What is lucid dreaming? Since I’m not written on the topic before, I should begin with some explanation. Have you ever been in a dream in which you suddenly realized that you were dreaming? Often this results in waking up. But sometimes, with luck or training, we can manage to stay “lucid” (clear-headed and conscious) in our dreams, and begin to control what occurs in them. With practice, this can become great fun. We can give ourselves super powers, or summon up great historical figures to talk to. We can visit other planets and destroy or befriend the monsters of our nightmares.
Not only is this tremendous fun, but many esoteric teachers believe it’s an important exercise. The Tibetans apparently believe that if you can develop the power to stay completely lucid in your sleep to its ultimate potential, the same consciousness and control we develop in our dreams stays with us after death. At the point of death, we find ourselves with the consciousness to understand what it happening to us and control it. We are then able to pass by the dangers of the afterlife that various “books of the dead” warn us about and ascend to higher realms.
Would you like to add years to your life? How much time to you spend asleep and completely unconscious? If you can extend your consciousness to your dreams, it’s like living a whole new life in addition to the one you live while awake. And this life can be extremely fulfilling and useful.
Lucid dreaming is also extremely helpful for those who wish to learn astral projection. The most successful out-of-body experiences I have had began as lucid dreams. How do we develop lucid dreaming ability? There are a number of techniques, ranging from simple affirmations to complex machinery designed to “almost” wake you up at just the right moment. But the first order of business, if you don’t do it already, is to begin to remember and journal your dreams.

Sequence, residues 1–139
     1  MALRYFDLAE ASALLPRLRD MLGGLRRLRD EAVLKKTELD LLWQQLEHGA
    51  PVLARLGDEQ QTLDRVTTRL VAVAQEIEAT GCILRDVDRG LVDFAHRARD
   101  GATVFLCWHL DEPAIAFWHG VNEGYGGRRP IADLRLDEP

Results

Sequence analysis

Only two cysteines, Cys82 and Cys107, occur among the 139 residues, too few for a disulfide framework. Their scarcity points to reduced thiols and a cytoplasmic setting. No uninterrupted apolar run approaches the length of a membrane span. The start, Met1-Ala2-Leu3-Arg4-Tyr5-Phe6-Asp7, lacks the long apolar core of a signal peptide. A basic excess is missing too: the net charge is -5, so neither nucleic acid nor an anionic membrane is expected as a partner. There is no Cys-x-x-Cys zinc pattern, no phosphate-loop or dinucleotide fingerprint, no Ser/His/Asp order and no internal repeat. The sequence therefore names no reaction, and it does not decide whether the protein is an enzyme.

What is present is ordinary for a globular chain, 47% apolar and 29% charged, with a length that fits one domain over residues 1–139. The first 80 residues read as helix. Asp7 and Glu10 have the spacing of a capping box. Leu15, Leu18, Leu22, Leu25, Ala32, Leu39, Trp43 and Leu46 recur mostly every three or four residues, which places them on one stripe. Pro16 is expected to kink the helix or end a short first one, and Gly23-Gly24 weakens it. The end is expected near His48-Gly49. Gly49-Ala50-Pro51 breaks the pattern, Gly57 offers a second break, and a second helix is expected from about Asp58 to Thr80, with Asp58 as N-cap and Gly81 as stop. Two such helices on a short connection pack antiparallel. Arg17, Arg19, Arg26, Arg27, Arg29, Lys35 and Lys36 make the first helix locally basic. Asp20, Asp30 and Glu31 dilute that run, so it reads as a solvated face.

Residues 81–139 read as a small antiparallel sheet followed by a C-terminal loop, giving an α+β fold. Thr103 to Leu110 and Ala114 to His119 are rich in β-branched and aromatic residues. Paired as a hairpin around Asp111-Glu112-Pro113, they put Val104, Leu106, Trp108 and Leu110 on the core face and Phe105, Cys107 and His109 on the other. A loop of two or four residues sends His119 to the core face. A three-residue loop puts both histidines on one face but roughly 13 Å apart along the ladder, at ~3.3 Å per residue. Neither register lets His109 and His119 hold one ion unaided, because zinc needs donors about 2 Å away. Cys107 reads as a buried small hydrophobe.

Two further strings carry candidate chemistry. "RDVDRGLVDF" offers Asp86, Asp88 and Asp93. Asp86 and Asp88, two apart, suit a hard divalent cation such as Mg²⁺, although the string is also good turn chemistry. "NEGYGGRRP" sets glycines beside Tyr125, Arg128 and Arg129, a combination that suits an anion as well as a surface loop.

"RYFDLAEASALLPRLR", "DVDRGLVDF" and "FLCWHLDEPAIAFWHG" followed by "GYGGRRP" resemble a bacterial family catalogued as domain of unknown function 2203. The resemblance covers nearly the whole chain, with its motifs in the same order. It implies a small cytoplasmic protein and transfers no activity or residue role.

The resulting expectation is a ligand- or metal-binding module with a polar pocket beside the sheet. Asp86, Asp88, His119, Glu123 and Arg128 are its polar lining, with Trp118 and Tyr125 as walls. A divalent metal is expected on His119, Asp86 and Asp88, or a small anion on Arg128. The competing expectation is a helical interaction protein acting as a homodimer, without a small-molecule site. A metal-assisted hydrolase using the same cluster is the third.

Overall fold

It’s a matter of scientific fact that everyone dreams. Many of us, however, don’t remember them. Several things contribute to our inability to remember dreams. First of all, we simply aren’t in the habit of remembering them. We have conditioned our minds to believe it isn’t important. Secondly, we may be used to waking up too abruptly. If we have an annoying alarm clock, or tend to jump out of bed abruptly, the fragile mental state with which we wake up (and which contains our dream memories) is dissolved. Within a few seconds of jumping out of bed, all our dream memories will be gone.
To begin to remember your dreams, then, put a notebook, a pencil (so you don’t have to sit up to write) and a light next to your bed. Make sure your alarm, if you use one, is gentle. Affirm to yourself several times as you go to sleep that you will remember your dreams. As you wake up, DON’T MOVE. Gently think back on what you remember from your dreams. When you have as much detail as you think you are going to get, grab your notebook and write it down. The first few times, you may forget and start to jump out of bed. Let the notebook on your bedside remind you, and write down whatever you remember. If all you remember are vague feelings, write that down. If you really don’t remember anything, take a GUESS at what you might have dreamed and write down the guess. Your mind will start to realize that you are serious about remembering your dreams, and you will remember more and more each day.
If you get up during the night, try to remember your dreams and write them down before you get out of bed. Some people have luck with setting their alarm for the middle of the night and recording their dreams at that time. In any case, if you are patient, within a short while you will remember more and more dreams.
Don’t slack. Write down everything you can. This serves several purposes. First of all, you can begin to use your dream journal for interesting analysis. Secondly, your consciousness will begin to develop itself. Soon you will start finding yourself being aware of your dreams while you are still IN them. This is one of the best roads to lucid dreaming.
There are a number of other techniques to increase your ability to have lucid dreams which I may write about soon, but dream journaling is, in my opinion, the most important.